As the National Transportation Safety Board (NTSB) gears up to push recommendations for increased enforcement of roadway speed limits, Gary Biller, president of the National Motorists Association, a driver advocacy organization, argues in this guest column that motives other than reducing vehicle crashes may be at work.
Why does the NTSB want to change its goal of providing legitimate highway safety research into an advocacy of ever-present, for-profit enforcement aimed primarily at safe drivers who are endangering no one?
In a sweeping set of recommendations from its July 25, 2017 public meeting, the NTSB threw down a draconian gauntlet: More point-to-point tracking of vehicles via speed cameras, abolishment of the long-accepted engineering principle from the Federal Highway Administration (FHWA) Manual on Uniform Traffic Control Devices of setting speed limits based on normal traffic flow, and an increase in the hundreds of millions of dollars of federal (read as: taxpayer-funded) grants that are divvied out among the states to run year-round ticketing campaigns.
The NTSB wants to reduce traffic fatalities by slowing traffic down. Why the heavy-handed approach based on a false premise?
The agency has perpetuated the myth that that nearly one-third of fatalities on the nation’s highways are speeding-related. But “speeding-related” is an interesting term. It is intended to signify that speed may have been a factor in an accident, although not necessarily the primary cause. Speeding-related as defined by the National Highway Traffic Safety Administration (NHTSA) also does not necessarily mean that the vehicles involved in a fatal crash were exceeding the posted speed limit.
TheNewspaper.com dug into the statistics from NHTSA’s Fatality Analysis Reporting System (FARS) database while also reviewing state annual highway safety reports that are submitted to qualify for NHTSA grants. In a 2012 report, TheNewspaper found that “… of the 2.7 million traffic accidents recorded in twenty-five states over the course of a year, only 1.6% were caused by drivers who exceeded the posted speed limit.”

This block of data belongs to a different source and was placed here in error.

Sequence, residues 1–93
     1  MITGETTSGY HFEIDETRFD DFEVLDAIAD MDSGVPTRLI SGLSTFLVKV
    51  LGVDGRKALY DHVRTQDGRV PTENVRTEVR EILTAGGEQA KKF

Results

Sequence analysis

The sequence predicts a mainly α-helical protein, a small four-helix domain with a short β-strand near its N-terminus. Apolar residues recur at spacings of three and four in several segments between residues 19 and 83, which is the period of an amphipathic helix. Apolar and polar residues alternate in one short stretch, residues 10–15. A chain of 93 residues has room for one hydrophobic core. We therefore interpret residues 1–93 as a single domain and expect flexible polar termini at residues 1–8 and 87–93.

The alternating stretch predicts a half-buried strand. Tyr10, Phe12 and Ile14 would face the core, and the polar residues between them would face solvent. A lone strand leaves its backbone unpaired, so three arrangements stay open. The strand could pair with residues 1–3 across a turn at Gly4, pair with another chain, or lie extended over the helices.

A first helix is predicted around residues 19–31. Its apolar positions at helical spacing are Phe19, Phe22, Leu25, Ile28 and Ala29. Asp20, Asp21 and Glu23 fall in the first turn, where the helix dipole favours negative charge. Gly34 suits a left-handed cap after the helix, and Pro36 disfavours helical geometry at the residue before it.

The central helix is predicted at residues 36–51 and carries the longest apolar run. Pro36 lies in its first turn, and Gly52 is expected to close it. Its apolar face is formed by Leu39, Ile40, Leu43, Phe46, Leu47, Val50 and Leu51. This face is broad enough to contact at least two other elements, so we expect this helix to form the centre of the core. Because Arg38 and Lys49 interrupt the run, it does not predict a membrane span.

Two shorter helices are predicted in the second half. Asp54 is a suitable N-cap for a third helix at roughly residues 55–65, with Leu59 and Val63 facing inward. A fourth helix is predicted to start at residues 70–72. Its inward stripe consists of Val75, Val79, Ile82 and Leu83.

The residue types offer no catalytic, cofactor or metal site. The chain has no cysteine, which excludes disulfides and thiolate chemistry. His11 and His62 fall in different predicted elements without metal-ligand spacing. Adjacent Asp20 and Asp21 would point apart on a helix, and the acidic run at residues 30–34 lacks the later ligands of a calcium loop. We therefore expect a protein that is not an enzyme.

Those results are remarkably similar to those found by a government study conducted in the United Kingdom (U.K.) some years ago. The U.K. Department for Transport found that just 2% of accidents among drivers over age 25 were caused by exceeding the speed limit.
Most recently, TheNewspaper reviewed FARS crash data from 2015 – the latest available from NHTSA – and found that, of the 48,613 drivers involved in fatal accidents across the country that year, 7% were reported to be exceeding the speed limit at the time of the crash, with 77% deemed not to be engaged in speeding-related actions.
The NTSB is greatly exaggerating the speeding issue and its effect on road safety. The agency favors expensive and intrusive highway surveillance combined with lower posted speed limits that will have little effect on normal traffic speeds.
Meanwhile, the lower speed limits get, the more crashes that are classified as speeding-related. And where the limits are set so low as to be violated by nearly all drivers – an all-too-common occurrence – all crashes will end up being called speed-related.
We have just described a self-perpetuating revenue-generating machine, one that will fine drivers for every misstep, real or imagined.
Do we want a government that is constantly monitoring and penalizing every perceived driver indiscretion primarily to generate enforcement profits? That is what we’ll have unless drivers en masse condemn proposals like that from the NTSB to their federal and state elected officials.